Dirty Wars: New Film Exposes Hidden Truths of Covert U.S. Warfare
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And, you know, yesterday, as the—as President Obama’s talking about how we don’t need a state of perpetual war, multiple U.S. drone strikes in Yemen, a country that we’re not at war with, where the U.S. has killed a tremendous number of civilians. Rick and I have spent a lot of time on the ground in Yemen. And, you know, to me, most disturbing about this is John Brennan, who really was the architect of this drone program and the expansion of the drone program—these guys are sitting around on Tuesdays at the White House in "Terror Tuesday" meetings, discussing who’s going to live and who’s going to die across the world. These guys have decided—
AMY GOODMAN: What do you mean, "Terror Tuesday" meetings?
JEREMY SCAHILL: Well, that’s what they’re referred to. You know, senior—when this first came out, senior White House officials said that they internally refer to them as "Terror Tuesdays," where they meet and they go over the list of potential targets. And they have them, you know, on baseball cards in some cases. And they’re identifying people that they want to take out and that are on the U.S. kill list. And we have an ever-expanding kill list. You know, after 9/11, there were seven people on the U.S. kill list, and then we had the deck of cards in Iraq and Saddam and his top people. I mean, now there are thousands; it’s unknown how many people are on this kill list. And U.S. citizens—three U.S. citizens were killed in operations ordered by the president in late 2011, including, you know, as we reported on Democracy Now! before, the 16-year-old Abdulrahman al-Awlaki.
And, you know, so the appointment of Brennan to CIA, to me, is the greatest symbol of how deeply invested in covert war and an expansion of wars around the world and the notion that was popularized under the neocons of "the world is a battlefield," that notion that the United States can strike in any country across the world, wherever it determines that terrorists or suspected militants may reside. The most disturbing part of this policy, to me—and I think also to people within the intelligence community who are looking at this—is that there are regions of Yemen or Pakistan where President Obama has authorized the U.S. to strike, even if they don’t know the identities of the people that they’re striking, the so-called "signature strike" policy. The idea that being a military-aged male in a certain region of a particular country around the world, that those people become legitimate targets based on their gender and their age and their geographic presence, that those are going to be legitimate targets is—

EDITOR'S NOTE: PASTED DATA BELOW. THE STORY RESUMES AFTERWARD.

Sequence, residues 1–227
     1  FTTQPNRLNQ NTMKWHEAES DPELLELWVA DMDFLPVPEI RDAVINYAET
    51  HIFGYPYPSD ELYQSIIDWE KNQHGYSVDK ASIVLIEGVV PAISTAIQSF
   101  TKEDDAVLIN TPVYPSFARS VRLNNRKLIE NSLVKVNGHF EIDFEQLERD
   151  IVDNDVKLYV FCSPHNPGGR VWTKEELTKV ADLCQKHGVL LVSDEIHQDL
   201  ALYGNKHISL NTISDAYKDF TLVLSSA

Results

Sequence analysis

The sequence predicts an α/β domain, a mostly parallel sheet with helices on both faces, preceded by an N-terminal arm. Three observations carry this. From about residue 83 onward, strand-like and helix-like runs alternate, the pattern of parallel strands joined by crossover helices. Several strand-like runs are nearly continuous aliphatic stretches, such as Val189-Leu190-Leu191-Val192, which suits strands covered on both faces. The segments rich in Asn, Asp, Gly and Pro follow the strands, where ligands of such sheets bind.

AMY GOODMAN: Explain that.
JEREMY SCAHILL: Well, I mean, this was something that started under the Bush administration, and when President Obama first took office, he was briefed on this by the then-director—the outgoing director of the CIA, Michael Hayden. And he described to him this policy that they had developed called "signature strikes," where they were looking at patterns of life. If an individual had contact with certain other individuals, if they were traveling in a certain area at certain times, if they were gathering with a certain number of people, that there was a presumption that they must be up to no good, that they are suspected militants or suspected terrorists and that the U.S. could take preemptive action against those people—and by "preemptive action," I mean killing them with a missile—that there was authorization to do that. In some cases, the president has actually pre-cleared theCIA to authorize these strikes without being directly notified.